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'It didn't even happen to us, but we were witness. A piece of our shared identity was targeted that day in New Zealand.'

On March 15, 2019, the day began as any other.

I woke up grateful it was Friday. As I began to get ready for work, I started receiving distressing messages from loved ones. Had I seen the news? With trepidation, I went and did so.

What I saw happening in New Zealand was horrifying. As the day went on, it became clearer that what had occurred was an act of terrorism against a community of individuals who were in a space worshipping and in communion with not only their Creator but with their community.

After saying a prayer for the ones who passed, their families, and the communities in New Zealand, my thoughts turned to my national and local communities, my family members, and the greater Ummah. How were they experiencing this? How would they be impacted? How could we heal together?

As a mental health professional and researcher, I knew there would be much healing to come, because we have long known that we are all impacted by things that happen to others and that we are witness to.

When we have a shared identity with the direct recipient of the trauma, we are deeply impacted. For American Muslims, the New Zealand terror attacks were impactful not only because of the violence but also because of the specific targeting of their house of worship on a sacred day and during a communal prayer. As well, the impact of trauma builds with repeated exposure.

A year later, can we say that the way Muslims are being treated around the world has changed? No. In many ways, the violence has escalated.

Most recently, there have been numerous attacks at various mosques around the world. For Oregonian Muslims, events as recent as November 2019, in which a Muslim woman in Portland had her hijab ripped off, indicate a disregard for their humanity, autonomy and safety.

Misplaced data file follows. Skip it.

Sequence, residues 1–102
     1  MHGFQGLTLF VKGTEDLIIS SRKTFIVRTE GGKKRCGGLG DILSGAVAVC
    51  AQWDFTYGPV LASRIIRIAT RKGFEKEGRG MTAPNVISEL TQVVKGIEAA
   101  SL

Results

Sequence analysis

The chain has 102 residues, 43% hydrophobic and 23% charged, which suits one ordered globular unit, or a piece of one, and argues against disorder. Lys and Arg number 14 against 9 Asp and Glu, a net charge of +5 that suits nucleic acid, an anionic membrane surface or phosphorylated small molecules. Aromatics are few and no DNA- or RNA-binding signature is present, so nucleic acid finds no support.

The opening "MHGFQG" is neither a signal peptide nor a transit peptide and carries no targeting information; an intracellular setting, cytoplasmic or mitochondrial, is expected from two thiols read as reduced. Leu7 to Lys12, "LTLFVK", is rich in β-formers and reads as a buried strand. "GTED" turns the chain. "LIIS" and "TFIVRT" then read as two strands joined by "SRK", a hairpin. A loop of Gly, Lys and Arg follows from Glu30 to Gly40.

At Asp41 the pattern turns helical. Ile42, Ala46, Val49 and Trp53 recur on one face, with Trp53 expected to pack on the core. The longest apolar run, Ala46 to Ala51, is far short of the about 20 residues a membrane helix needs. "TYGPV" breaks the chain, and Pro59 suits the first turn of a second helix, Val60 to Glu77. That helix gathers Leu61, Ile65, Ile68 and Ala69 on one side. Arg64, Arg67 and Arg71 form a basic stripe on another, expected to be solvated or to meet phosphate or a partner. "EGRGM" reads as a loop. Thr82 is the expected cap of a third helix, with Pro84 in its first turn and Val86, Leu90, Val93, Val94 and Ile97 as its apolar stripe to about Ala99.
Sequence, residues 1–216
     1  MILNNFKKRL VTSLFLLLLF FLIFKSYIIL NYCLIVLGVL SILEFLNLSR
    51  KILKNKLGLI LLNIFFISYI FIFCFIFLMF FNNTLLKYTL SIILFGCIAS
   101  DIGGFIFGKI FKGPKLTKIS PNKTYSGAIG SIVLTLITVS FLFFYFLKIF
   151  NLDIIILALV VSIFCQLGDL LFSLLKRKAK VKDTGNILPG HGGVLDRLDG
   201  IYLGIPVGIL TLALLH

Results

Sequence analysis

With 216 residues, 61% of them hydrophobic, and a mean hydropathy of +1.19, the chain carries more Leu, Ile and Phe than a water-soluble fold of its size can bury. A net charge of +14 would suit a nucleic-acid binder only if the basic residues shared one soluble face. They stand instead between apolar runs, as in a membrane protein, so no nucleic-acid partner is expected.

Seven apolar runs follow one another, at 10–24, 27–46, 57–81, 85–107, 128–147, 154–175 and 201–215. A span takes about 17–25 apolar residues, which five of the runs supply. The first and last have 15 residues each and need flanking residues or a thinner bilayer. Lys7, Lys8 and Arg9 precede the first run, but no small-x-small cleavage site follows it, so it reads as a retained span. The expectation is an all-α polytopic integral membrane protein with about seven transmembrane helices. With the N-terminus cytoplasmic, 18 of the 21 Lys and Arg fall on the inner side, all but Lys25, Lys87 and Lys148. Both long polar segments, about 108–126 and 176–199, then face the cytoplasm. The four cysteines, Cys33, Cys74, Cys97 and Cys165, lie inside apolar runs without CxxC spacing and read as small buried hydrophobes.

Muslims continue to be vicariously exposed to deeply harming and traumatic events What may come as a result of this vicarious exposure? One such concept is "vicarious trauma." As a mental health counselor, I saw firsthand the amount of emotional, spiritual and mental upheaval caused by this tragedy for Muslims here in Oregon.

Vicarious trauma has effects like post-traumatic stress disorder, including feeling less safe, feeling our loved ones are less safe, and feeling like the world is unjust. Increased anxiety, anger, hopelessness, and sadness are also normal responses. Essentially, this means our ability to live, love and laugh is impacted. Our ability to worship, to send our kids off to school, to find meaning in our work and to enjoy moments of joy are all diminished. And it didn't even happen to us, but we were witness. A piece of our shared identity was targeted that day in New Zealand.

For my Muslim sisters and brothers, please take care of yourselves. Anniversaries of traumatic events can re-stimulate all these feelings and outcomes. For individuals who are having a hard time coping with this anniversary, please engage in self-care such as grounding activities, or please reach out to loved ones or a mental health professional for support.

If you feel like you are in crisis, please contact your nearest county crisis line or 1-800-273-8255. Our greater community can support those in their workplaces, schools, and social circles by giving support and holding space.

May we all walk into a future in which we live, love and laugh with nothing holding us back.

Anjabeen Ashraf is a Beaverton resident.


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